GrowthSpotting: The Art of Global Investing
This series cuts through market noise to explore a handful of what we believe are the most relevant and inevitable global trends for investors seeking growth.
These powerful subthemes take a closer look at what we think is a valuable framework for understanding growth drivers worldwide—our “MANTRA” (Mass Affluence, New Technology, Restructuring and Aging).
Today’s post focuses on Paradoxes in Austerity: Efficiency Driven Growth.
Growth in the developed world could well be described as “slow and fragile.” As it appears today, a cyclical recovery in the U.S. will be modest, while Japan continues, in my view, to misallocate capital. Across Europe there remains a long runway of deleveraging and restructuring to do. However, there are things to invest in, even in this gloomy environment.
Whilst the tepid global economic environment is causing weak top line growth for many companies, it is driving a lot of growth among a select number of industries. I see businesses facing significant revenue headwinds investing in goods and services that enable them to boost efficiency and productivity. If this trend continues, enterprise software applications would clearly benefit.
SAP, the software company based in Germany, provides a good example of this trend. SAP is a provider of enterprise resource planning (ERP) software, in other words, it provides to other companies the computer programs they need in order to do their business. The software packages that SAP licenses to end users—and then helps to install and run—cover everything from accounting to human resources, purchasing to delivery. It also enables all of these systems to interact with each other. Hence the ads we see in airports stating that “such-and-such a company runs SAP.”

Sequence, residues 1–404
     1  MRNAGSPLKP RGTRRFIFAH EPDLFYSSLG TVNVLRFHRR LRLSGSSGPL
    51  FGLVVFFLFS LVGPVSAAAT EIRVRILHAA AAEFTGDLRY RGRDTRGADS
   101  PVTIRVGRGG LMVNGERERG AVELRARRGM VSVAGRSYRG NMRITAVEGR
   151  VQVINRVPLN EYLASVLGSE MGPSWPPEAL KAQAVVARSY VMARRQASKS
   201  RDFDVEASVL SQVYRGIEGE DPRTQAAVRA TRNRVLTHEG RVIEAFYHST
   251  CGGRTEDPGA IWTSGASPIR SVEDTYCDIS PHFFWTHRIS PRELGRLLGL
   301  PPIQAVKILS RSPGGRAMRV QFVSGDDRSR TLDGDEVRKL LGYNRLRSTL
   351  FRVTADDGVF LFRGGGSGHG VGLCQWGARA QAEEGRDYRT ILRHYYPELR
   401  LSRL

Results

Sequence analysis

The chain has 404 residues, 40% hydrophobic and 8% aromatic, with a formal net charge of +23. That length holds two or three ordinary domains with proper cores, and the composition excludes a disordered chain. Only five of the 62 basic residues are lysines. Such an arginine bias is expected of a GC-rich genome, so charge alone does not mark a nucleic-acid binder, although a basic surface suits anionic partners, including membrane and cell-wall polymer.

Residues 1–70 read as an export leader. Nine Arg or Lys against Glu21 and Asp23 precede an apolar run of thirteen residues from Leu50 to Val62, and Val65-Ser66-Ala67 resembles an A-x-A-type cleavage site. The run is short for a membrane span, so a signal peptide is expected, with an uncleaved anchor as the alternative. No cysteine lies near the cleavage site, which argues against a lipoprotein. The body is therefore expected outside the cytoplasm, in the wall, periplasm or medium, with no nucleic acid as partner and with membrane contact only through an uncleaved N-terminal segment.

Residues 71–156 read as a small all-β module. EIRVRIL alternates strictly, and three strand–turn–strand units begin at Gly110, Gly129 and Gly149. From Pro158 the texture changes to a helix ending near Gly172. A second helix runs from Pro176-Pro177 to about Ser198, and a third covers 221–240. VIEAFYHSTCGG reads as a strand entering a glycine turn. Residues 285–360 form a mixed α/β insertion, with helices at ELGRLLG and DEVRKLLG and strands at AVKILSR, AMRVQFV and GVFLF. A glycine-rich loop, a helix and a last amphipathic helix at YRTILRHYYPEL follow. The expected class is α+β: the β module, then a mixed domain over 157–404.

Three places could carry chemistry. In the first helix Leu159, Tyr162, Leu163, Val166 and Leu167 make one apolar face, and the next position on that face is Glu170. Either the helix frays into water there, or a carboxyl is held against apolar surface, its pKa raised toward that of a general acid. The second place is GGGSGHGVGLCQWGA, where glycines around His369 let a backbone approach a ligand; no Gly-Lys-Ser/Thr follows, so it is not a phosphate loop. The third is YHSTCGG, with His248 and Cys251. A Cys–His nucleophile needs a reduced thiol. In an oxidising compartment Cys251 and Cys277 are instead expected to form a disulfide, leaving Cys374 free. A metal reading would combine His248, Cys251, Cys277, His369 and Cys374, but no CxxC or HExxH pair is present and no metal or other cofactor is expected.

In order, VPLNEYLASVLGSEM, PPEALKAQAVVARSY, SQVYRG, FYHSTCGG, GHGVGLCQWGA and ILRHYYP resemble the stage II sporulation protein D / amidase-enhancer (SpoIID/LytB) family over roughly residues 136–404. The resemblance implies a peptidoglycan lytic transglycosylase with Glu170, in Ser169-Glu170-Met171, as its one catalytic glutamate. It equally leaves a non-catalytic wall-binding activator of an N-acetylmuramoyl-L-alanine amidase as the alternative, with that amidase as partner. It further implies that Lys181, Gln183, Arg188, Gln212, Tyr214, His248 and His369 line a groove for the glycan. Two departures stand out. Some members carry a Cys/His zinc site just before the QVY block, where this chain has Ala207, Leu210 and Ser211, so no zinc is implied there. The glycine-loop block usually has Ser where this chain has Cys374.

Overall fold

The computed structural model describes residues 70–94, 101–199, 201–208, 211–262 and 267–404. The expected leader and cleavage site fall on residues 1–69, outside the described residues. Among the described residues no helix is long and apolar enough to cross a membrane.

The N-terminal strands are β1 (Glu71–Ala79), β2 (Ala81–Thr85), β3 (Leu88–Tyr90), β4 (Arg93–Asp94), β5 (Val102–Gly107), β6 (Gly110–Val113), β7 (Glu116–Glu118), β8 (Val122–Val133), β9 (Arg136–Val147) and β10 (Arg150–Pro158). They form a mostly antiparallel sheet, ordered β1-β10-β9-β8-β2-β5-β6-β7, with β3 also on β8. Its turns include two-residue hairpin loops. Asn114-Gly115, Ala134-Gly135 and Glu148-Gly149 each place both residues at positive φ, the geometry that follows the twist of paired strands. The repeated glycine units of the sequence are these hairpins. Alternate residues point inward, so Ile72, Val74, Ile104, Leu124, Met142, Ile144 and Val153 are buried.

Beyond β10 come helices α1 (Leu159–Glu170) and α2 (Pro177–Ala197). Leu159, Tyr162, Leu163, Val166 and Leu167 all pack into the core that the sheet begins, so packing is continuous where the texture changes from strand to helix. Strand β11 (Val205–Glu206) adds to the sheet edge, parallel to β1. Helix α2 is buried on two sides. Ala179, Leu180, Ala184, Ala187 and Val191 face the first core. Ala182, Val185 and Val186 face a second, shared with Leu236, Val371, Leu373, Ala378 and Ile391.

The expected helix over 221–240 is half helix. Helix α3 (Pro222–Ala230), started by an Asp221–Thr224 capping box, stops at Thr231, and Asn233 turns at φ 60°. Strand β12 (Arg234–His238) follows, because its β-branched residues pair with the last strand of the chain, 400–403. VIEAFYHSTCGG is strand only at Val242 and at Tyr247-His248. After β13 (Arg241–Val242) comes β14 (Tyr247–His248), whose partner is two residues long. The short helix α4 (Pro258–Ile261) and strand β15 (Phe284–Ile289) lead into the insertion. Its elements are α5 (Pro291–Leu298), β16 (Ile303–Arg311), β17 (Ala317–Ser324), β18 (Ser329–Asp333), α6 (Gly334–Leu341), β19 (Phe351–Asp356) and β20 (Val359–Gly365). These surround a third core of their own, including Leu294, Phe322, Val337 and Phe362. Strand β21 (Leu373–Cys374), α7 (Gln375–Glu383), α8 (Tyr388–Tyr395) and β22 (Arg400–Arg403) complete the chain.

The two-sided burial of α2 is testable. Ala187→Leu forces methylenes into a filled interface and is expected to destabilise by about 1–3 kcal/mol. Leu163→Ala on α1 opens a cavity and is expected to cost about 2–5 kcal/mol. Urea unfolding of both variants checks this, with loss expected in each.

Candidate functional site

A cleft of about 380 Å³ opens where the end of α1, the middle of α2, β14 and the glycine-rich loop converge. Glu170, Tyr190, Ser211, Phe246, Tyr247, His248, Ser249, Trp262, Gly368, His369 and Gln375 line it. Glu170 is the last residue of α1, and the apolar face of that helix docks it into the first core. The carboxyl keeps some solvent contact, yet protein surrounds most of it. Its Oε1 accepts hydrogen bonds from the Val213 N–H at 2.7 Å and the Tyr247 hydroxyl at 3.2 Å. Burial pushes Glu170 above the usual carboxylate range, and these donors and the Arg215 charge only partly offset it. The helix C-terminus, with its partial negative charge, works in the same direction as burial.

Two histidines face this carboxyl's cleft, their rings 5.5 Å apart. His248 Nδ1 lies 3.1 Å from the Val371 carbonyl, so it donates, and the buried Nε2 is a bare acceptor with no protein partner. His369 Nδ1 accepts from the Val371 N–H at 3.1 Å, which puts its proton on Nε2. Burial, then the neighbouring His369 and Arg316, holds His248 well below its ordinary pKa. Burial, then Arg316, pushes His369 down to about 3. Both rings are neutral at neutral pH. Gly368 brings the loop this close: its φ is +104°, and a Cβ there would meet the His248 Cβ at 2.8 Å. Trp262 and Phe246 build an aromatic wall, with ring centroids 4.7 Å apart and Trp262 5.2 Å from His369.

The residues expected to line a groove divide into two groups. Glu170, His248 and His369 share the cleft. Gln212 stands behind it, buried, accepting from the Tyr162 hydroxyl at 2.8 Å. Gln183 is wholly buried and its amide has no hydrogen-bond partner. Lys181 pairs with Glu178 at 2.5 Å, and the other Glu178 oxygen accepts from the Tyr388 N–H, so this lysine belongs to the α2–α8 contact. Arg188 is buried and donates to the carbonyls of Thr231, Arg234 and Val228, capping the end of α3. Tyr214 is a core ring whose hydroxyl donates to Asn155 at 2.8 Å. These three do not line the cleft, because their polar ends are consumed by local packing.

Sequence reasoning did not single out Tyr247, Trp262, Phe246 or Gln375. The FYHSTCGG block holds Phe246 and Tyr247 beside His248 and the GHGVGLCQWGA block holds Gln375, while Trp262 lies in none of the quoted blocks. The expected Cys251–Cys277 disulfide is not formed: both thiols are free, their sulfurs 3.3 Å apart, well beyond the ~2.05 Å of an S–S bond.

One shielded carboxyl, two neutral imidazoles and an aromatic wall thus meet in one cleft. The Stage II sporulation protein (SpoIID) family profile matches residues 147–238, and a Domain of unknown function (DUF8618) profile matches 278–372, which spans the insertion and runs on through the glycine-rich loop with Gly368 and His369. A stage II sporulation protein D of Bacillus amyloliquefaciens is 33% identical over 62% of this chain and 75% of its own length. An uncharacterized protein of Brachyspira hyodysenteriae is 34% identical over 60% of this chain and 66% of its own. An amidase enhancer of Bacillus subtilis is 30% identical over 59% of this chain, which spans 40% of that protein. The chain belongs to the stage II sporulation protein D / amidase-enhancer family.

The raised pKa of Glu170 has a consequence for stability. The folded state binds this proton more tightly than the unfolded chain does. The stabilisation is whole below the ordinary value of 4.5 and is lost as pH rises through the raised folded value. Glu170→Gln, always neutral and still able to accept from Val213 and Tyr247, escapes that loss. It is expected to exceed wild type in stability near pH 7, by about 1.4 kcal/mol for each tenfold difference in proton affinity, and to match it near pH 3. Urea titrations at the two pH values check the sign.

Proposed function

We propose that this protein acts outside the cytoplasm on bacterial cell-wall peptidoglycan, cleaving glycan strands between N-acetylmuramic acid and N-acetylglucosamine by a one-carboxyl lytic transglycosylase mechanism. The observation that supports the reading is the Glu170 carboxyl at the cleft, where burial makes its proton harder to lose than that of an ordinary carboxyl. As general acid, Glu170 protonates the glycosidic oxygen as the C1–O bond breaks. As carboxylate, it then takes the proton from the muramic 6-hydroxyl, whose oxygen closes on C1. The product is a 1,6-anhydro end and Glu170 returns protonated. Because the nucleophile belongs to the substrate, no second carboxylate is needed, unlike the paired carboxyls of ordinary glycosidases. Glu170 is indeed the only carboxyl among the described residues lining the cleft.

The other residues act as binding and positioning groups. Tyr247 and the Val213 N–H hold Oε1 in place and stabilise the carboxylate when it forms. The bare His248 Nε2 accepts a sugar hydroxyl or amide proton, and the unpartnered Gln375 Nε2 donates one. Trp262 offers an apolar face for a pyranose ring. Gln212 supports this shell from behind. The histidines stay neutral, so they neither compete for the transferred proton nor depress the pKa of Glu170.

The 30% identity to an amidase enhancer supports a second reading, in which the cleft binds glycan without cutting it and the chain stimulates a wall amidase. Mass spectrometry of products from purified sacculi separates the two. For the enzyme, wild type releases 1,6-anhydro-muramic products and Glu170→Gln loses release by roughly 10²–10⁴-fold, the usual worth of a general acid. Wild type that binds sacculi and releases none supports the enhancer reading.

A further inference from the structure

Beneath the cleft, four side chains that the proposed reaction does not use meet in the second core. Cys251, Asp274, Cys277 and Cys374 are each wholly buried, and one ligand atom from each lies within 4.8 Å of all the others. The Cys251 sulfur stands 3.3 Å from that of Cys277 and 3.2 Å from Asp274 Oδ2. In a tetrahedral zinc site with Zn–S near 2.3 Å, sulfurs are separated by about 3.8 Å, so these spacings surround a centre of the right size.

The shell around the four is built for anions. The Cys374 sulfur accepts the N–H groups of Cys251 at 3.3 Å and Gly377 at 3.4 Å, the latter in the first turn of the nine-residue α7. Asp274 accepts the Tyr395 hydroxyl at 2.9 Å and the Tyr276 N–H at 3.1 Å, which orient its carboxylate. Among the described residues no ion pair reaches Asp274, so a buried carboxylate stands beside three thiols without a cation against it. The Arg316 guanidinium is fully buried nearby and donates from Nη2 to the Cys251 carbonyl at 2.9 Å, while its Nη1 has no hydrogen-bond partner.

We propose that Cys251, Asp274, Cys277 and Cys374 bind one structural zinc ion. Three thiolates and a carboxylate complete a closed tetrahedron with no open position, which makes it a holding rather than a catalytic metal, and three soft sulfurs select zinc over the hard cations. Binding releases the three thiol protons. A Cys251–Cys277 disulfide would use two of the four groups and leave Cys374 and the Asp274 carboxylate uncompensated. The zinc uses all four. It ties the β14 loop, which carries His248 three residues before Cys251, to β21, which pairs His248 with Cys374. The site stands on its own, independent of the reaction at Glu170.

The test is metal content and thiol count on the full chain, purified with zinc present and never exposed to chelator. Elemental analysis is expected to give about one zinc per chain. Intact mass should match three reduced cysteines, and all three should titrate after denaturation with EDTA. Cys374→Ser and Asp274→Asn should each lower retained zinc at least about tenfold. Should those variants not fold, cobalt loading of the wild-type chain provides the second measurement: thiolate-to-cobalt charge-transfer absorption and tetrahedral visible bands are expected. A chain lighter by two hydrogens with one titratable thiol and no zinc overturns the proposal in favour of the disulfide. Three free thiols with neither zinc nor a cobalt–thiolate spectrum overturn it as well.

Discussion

With a 25% market share, SAP is tops in ERP, and therefore massively advantaged.1 These are complex, expensive installations, so once a company has begun using SAP software, the cost of switching to or integrating with other providers can be prohibitively high. Its customers also return for maintenance and lucrative upgrades. SAP’s revenues grew at over 15% annually in the last two years, faster than any time since 2001, and its operating margins are higher than ever before.2
Microsoft is riding this trend as well. Revenue and earnings at Microsoft during the quarter ended in March were ahead of expectations, largely on the back of business division revenue.3 In 2011, Microsoft’s business division became the firm’s largest and most profitable segment, fuelled by its Office suite and associated products.
The ubiquity of Outlook, Word and Excel is a key competitive advantage that is hard to erode. Great software? No, probably not. However, an easy way for many businesses to improve productivity is to upgrade their Office software. Over the past two years, many have chosen to do just that. Since launching their upgrade Office 2010 in June 2010, Microsoft has been selling roughly one copy per second, while tens of millions of users access it through the web as well.
These companies are compelling for two other reasons. First, their huge free cash flow and low operating leverage allows both companies to fund their own growth, which allows them to enhance competitive advantages and seize growth opportunities. Second, prospects look promising if the global economy finally does pick up. Whether it’s high switching costs or limited alternatives, I believe companies are unlikely to abandon SAP or Microsoft anytime soon. In fact, as companies add workers, demand should remain strong, potentially fueling strong long-term growth for both companies.
1. Gartner, 4/24/2012
2. Bloomberg, 6/5/2012
3. Bloomberg, 6/5/2012
Read more from the series GrowthSpotting: The Art of Global Investing at http://blog.oppenheimerfunds.com/tag/growthspotting/
The mention of specific companies does not constitute a recommendation by any Oppenheimer fund or by OppenheimerFunds, Inc. Certain Oppenheimer funds may hold the securities of those companies mentioned